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1864 August 13: First News of the Battle of Mobile Bay, the Battle of Moorefield, and Other News

August 13, 2014

Following is the summary of the week’s war news from The Polk County Press of August 13, 1864.

The naval battle referred to is the Battle of Mobile Bay, which took place on August 5, 1864, in the bay at Mobile, Alabama.  Admiral David G. Farragut, assisted by Union soldiers, attacked the three forts that guarded the entrance to the bay—Fort Morgan on Dauphin Island, Fort Morgan across the bay, and the smaller Fort Powell.  Mobile was the center for Confederate blockade running on the Gulf of Mexico.  The Union victory proved to be a significant boost for Abraham Lincoln’s bid for re-election

The Battle of Moorefield—briefly mentioned after the Mobile Bay correspondence—was a cavalry battle that was fought on August 7, 1864, at Moorefield in West Virginia, as part of the Valley Campaigns of 1864.  Union General  William W. Averill led his troops to a victory over Confederate General John McCausland and his troops.  The loss crippled the Confederate cavalry in the Valley.

Those two sections, on the Battle of Mobile Bay and the Battle of Moorefield, also appeared in the August 13, 1864, issue of The Polk County Press.

The News.

As we expected, the report that Hooker [Joseph “Fighting Joe” Hooker] was to superceed [sic] Meade [George G. Meade] is contradicted.

The subscriptions to the National Loan fully come up to the expectations of Secretary Fessenden [William P. Fessenden].  Over six millions in six days have been taken in the leading eastern cities alone.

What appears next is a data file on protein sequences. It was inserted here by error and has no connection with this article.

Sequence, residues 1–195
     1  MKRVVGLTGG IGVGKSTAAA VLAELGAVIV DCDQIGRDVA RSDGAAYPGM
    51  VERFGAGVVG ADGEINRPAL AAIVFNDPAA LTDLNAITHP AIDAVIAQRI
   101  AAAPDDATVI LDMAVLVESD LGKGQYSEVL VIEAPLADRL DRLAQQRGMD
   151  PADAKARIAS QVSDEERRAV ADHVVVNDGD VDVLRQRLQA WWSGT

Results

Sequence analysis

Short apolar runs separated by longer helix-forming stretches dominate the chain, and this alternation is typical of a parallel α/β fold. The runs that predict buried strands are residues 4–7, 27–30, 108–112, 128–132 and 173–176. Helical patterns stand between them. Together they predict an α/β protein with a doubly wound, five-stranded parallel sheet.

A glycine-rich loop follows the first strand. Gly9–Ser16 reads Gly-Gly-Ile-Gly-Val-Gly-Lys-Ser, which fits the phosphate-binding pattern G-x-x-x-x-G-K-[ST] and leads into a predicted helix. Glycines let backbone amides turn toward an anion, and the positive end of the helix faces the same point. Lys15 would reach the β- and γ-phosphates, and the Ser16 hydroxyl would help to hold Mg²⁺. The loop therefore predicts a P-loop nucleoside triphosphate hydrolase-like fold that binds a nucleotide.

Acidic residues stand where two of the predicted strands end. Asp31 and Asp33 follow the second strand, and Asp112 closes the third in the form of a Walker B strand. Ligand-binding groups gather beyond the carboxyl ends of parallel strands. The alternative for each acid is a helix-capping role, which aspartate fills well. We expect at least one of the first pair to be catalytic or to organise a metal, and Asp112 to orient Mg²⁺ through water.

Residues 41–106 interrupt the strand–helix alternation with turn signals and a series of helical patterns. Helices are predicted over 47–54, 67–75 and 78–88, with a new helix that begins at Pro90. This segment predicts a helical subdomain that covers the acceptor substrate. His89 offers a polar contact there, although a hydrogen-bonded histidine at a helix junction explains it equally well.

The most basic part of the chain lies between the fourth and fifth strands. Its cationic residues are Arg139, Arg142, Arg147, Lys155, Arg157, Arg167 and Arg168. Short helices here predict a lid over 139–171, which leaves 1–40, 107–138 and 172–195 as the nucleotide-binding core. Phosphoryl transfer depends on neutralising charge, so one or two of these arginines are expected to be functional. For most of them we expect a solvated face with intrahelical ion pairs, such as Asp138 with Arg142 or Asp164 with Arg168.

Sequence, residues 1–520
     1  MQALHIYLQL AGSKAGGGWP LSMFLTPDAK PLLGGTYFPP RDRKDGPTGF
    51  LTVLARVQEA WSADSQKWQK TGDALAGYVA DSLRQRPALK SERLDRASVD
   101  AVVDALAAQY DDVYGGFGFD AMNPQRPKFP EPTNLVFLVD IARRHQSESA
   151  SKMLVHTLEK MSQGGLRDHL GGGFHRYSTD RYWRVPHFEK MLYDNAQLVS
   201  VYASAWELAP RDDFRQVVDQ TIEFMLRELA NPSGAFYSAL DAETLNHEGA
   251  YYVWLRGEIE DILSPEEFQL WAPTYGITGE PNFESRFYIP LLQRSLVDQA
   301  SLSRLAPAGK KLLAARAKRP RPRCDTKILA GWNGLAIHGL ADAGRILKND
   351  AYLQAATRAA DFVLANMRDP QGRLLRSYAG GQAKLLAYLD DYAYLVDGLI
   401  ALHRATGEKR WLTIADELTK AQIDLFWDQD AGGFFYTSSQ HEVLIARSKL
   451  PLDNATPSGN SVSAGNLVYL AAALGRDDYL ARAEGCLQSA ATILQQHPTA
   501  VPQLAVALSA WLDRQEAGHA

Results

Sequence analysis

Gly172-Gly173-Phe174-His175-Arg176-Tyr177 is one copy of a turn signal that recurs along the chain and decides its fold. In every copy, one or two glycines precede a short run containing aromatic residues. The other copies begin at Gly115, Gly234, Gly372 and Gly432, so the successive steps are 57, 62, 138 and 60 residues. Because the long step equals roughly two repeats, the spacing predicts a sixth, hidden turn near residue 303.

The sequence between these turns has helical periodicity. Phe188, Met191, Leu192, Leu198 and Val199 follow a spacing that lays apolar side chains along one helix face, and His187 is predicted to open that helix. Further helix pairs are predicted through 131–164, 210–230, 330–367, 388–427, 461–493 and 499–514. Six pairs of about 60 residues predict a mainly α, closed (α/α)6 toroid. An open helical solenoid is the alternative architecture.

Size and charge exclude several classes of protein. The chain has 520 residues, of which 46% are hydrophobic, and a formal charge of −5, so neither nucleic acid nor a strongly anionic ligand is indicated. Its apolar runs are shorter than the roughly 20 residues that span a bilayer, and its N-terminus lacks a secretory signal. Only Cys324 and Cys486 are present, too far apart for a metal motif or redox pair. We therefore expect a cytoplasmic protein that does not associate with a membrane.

— The magnificent series of Sanitary Fairs begun several months ago at Chicago, is now nearly closed.—The substantial results have been in the highest degree satisfactory.  The following is a tolerably accurate statement of the proceeds of the fairs :—Chicago, $75,000 ;  Cincinnati, $120,000 ;  Boston, $147,000 ;  Brooklyn, $300,000 ;  Cleveland, $120,000 ;  Buffalo, $100,000 ;  New York, $1,500,00 ;  St. Louis, $575,000 ;  Philadelphia, $1,300,000 ;  Pittsburg [sic], $350,000, smaller fairs aggregate about $150,000.  Total, $4,437,000.

MADISON, Aug. 5.—The official report of Col. Fairchild [Cassius Fairchild], of the 16th Wis., and a letter to the Journal from the 12th Wis., gives a graphic account of the successful charge of these two regiments on the rebel works north-east of Atlanta, and their resistance to the desperate charge of the rebels the next day.  The regiment received the highest praise from the commanding Generals for their conduct, and by their obstinate holding of the position they saved the day on the 22d.  The U. S. flag of the 12th had the staff cut in two by bullets.  The State flag had the silk torn from the staff, but was borne off by Lieut. Hoyt [Hoyt] in a shower of bullets.  In the two days the 16th had 22 killed, 85 wounded, and 9 missing.  The 12th had 34 killed, 129 wounded, and 22 missing.

The 37th regiment suffered very severely in the late attack on Petersburg.  Col. Harriman [Samuel Harriman] behaved heroically and was unhurt.

Captains Cole,¹ in the hip, and Burnett² in the head and left shoulder, were severely wounded.

WASHINGTON, Aug. 8.—Gen. Butler [Benjamin F. Butler] has telegraphed to the War Department that Richmond papers of the 6th, announce that our forces occupy Dauphin’s Island, but that Admiral Farrigut [sic: David G. Farragut] had not passed Fort Morgan to attack Fort Gaines.

WAR DEP’T, WASHINGTON, D. D. [sic],
Aug. 8—9 P. M.

To Maj. Gen. Dix [John A. Dix] :

The following announcement of of [sic] the successful operations against Mobile, appears in the Richmond “Sentinel” of this date, and is transmitted by Maj. Gen. Butler to the President :

From Headquarters Maj. Gen. Butler, 3 p.m., Aug. 18 [sic: 8].  To His Excellency, Abraham Lincoln:

The following is the official report, taken from the Richmond “Sentinel” of Aug. 8.

B. F. BUTLER,
. . . . . . .Maj. Gen.

Hon. J. A. Seddon, [Confederate] Secretary of War :

Seventeen of the enemy’s vessels—fourteen ships and 3 iron-clads, passed Fort Morgan this morning.

The Tecumseh was sunk by Fort Morgan.